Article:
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Investigación económica

versão impressa ISSN 0185-1667

Inv. Econ vol.62 no.244 México Abr./Jun. 2003

 

Artículos

The relative impact of trade liberalization on developing countries

El impacto relativo de la liberalización comercial en los países en desarrollo

Mark Weisbrot* 

Dean Baker* 

* Co-Directors of the Center for Economic and Policy Research (CEPR), USA. E-mail: CEPR@CEPR.NET


Abstract:

This paper sets out to initiate reflection upon the real costs of trade agreements. The authors believe that it is necessary to deflate grossly exaggerated claims about the benefits of trade. They establish that very little would be gained if rich countries dismantled all their barriers to exports originating from developing countries. In fact many developing countries would no longer benefit from a fixed export volume sold at prices above competitive levels; trade terms would worsen; and agricultural exports subsidies would be lost forever. Bearing this in mind, these countries would risk their socio-political stability as a result of large-scale migrations of the rural population. Further liberalization would amount to costs as yet unconsidered, such as the dire fiscal strait-jacket that would be required by countries losing income from tariffs; the costs of the recent TRIPS provision within the WTO; and the opportunity-cost of holding the exchange reserves that the developing nations would require to guarantee their macro-economic stability.

Resumen:

Este artículo intenta una reflexión sobre el costo real de la liberalización comercial. Los autores creen que es necesario rebajar las pretensiones enormemente exageradas de los beneficios del comercio. Ellos establecen que muy poco se ganaría si los países ricos desmantelaran todas sus barreras a las exportaciones provenientes de países en desarrollo. En efecto, muchos países en desarrollo no se beneficiarían demasiado de un volumen de exportaciones fijo vendido a precios superiores a los del mercado; los términos del intercambio empeorarían; y los subsidios a las exportaciones agrícolas se perderían para siempre. Teniendo esto en mente, esos países arriesgarían su estabilidad socio-política como un resultado de grandes migraciones de la población rural. Una liberalización más en profundidad acarrearía costos, aún no considerados, como la restricción fiscal que requerirían los países, al perder ingreso por tarifas; los costos de la reciente provisión de TRIPS dentro de la Organización Mundial de Comercio, y el costo de oportunidad del mantenimiento de reservas de divisas que las naciones en desarrollo pueden requerir como garantía de su estabilidad macroeconómica.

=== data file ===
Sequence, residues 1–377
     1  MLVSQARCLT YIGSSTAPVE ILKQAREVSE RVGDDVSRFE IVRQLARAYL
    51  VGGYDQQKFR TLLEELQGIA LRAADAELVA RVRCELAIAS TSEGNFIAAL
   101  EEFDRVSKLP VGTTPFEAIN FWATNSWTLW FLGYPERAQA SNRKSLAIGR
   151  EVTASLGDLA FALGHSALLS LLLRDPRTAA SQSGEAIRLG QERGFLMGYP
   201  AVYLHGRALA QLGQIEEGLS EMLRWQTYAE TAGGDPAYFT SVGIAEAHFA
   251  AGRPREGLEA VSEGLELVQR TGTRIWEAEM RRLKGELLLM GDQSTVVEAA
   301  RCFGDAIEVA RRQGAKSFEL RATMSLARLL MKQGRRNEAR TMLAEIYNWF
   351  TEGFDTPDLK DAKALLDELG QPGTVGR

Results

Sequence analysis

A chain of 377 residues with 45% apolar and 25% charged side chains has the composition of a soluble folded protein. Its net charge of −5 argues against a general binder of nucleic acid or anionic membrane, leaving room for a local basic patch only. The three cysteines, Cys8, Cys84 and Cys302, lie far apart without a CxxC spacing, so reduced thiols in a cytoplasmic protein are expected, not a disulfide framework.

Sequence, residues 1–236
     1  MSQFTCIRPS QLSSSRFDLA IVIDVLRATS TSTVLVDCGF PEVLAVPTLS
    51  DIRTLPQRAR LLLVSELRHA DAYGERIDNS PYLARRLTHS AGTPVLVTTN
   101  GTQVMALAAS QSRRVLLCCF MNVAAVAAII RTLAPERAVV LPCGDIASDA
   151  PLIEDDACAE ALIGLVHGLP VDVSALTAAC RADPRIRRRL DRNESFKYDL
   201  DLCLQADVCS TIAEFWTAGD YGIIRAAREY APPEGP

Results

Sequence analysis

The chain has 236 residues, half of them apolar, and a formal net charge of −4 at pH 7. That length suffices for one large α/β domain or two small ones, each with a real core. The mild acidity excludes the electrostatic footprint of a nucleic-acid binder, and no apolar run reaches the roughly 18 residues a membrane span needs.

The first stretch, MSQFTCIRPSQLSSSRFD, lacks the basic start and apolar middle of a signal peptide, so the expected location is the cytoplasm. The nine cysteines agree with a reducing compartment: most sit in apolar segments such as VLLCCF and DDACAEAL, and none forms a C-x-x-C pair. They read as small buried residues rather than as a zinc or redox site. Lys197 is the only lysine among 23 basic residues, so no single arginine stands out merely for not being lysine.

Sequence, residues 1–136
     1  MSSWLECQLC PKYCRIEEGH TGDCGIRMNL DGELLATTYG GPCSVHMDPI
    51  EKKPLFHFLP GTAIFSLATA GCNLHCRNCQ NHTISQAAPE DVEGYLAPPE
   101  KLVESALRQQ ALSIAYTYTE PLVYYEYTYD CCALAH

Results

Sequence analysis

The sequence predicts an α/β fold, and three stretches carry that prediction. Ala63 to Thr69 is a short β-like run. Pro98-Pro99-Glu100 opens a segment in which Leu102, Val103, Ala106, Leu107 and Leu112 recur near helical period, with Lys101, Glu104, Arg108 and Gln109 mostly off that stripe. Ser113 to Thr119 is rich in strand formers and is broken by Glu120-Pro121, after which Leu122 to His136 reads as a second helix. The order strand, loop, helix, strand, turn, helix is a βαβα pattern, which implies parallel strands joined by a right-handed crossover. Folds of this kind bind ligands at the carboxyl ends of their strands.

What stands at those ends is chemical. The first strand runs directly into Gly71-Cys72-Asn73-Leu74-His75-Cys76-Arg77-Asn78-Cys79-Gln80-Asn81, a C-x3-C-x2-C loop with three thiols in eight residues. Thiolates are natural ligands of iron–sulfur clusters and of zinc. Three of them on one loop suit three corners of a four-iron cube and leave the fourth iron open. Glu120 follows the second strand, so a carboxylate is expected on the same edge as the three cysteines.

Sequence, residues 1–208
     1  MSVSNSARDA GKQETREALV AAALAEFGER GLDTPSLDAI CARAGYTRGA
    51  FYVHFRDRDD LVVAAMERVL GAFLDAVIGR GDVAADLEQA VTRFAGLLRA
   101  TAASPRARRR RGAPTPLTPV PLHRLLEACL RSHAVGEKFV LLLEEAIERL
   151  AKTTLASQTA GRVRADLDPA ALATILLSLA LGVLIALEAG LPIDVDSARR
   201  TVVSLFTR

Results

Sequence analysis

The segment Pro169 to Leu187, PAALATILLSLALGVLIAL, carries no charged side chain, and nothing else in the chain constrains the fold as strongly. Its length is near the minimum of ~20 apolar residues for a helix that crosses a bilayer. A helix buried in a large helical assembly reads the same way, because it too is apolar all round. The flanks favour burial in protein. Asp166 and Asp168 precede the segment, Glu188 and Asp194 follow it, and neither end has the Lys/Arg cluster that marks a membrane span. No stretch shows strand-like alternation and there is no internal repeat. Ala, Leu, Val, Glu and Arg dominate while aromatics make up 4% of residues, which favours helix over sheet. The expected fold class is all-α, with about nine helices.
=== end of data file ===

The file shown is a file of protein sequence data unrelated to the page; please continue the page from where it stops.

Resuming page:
JEL Classification: F1, F13, F14, F22.

Texto completo disponible sólo en PDF

Full text available only in PDF format

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Received: August 2002; Accepted: October 2002

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